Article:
As we delve into the second semester, I want to pause and take a moment to reflect on our exceptional teachers. Our teachers are at the heart of what we do, and they are masters at building connections with their students and unlocking their potential.
Research shows that things like motivation, attention, and creativity increase when children feel happy and comfortable. Our faculty work incredibly hard to understand their students as individuals—identifying their strengths, passions, and challenges—and then to use that knowledge to support learning in the classroom. From the beginning of the year, our faculty encourage students to think about who they are as learners and then use that information to identify the tools the students’ need to be successful.
Here are just a few examples I’ve seen recently of how our faculty build connections and create a welcoming and nurturing environment so our Dragons can thrive:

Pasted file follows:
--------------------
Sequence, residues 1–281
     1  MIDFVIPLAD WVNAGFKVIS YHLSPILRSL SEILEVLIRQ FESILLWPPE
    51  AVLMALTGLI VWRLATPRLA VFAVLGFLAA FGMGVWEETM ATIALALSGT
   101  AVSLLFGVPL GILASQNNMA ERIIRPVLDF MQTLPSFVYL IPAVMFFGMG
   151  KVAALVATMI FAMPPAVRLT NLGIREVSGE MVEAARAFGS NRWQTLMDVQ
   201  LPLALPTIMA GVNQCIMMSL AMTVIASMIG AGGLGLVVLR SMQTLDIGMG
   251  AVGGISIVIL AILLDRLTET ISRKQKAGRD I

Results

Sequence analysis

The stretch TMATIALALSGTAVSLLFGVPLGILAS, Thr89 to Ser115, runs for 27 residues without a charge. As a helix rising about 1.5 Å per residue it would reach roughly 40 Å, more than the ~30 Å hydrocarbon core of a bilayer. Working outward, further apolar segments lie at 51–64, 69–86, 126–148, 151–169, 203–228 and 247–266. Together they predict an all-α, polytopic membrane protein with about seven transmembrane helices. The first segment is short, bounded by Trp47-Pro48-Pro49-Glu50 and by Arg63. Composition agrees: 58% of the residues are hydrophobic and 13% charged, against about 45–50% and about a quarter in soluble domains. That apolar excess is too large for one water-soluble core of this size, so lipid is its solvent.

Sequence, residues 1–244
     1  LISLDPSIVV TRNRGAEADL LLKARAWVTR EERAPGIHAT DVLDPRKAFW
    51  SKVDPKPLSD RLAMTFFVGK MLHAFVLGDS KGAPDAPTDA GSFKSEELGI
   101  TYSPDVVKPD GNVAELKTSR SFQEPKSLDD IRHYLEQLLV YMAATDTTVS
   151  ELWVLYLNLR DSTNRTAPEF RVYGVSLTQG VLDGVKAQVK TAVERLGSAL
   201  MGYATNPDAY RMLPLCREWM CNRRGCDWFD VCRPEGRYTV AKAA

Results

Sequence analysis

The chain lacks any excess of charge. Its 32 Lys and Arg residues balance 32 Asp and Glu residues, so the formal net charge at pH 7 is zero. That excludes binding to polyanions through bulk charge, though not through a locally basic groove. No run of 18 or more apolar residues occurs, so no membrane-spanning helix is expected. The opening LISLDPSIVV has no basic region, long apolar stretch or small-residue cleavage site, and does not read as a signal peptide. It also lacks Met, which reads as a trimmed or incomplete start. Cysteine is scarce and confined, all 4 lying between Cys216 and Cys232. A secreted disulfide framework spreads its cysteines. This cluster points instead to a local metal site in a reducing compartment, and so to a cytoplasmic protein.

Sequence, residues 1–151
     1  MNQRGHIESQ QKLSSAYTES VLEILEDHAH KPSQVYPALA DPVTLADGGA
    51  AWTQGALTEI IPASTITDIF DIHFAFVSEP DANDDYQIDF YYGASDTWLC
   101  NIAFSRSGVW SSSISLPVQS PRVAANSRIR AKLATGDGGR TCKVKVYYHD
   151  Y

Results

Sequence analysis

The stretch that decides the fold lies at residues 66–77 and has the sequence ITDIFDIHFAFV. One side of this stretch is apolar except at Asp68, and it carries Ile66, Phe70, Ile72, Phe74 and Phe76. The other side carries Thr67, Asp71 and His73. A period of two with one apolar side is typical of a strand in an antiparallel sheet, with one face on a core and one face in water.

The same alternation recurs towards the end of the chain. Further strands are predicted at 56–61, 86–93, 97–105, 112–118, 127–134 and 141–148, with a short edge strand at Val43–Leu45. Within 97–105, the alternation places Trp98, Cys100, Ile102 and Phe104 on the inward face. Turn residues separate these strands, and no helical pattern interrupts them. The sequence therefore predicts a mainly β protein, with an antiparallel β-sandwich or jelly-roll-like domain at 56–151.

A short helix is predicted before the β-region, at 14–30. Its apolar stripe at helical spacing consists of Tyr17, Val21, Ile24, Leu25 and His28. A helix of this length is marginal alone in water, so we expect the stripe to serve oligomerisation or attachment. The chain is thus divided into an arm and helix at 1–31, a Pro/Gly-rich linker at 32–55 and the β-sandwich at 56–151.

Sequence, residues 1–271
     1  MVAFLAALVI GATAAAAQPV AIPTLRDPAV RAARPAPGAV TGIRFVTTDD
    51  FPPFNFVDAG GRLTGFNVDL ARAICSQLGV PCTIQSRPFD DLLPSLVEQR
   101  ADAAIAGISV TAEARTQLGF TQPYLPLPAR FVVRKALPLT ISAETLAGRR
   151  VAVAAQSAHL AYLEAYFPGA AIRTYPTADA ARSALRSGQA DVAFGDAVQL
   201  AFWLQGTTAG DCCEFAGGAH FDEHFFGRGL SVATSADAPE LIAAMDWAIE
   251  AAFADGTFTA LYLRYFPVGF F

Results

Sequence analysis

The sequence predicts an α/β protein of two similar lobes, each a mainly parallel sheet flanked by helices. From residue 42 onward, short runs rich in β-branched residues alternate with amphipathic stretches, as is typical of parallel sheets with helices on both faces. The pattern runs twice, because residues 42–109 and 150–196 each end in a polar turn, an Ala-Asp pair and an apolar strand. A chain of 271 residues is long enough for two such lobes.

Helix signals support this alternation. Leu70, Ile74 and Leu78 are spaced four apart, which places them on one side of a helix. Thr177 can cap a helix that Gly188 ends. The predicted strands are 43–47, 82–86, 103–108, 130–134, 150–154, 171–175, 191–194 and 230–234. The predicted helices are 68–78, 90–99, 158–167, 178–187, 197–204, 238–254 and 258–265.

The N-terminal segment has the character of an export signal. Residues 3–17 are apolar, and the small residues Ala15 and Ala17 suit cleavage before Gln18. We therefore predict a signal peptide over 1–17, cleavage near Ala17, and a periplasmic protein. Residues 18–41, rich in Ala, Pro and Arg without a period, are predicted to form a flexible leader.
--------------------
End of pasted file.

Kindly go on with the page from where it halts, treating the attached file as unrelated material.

- Utilizing flags from different students’ backgrounds in a lesson on fractions;
- Creating lesson plans that reflect students’ hobbies;
- Incorporating an international student’s native language into Morning Meeting and into a Word Wall to increase classroom participation;
- Staying after school to help students with their work and their essays for the high school application process;
- Creating clubs to share common interests with students – crocheting, Irish dancing, anime, science fiction, and fantasy book club;
- Attending games and performances, both at WES and outside of WES, to remind our students that they are always willing to “show up”; and
- Continuing to provide an exciting learning experience for students in the classroom while simultaneously teaching those in quarantine.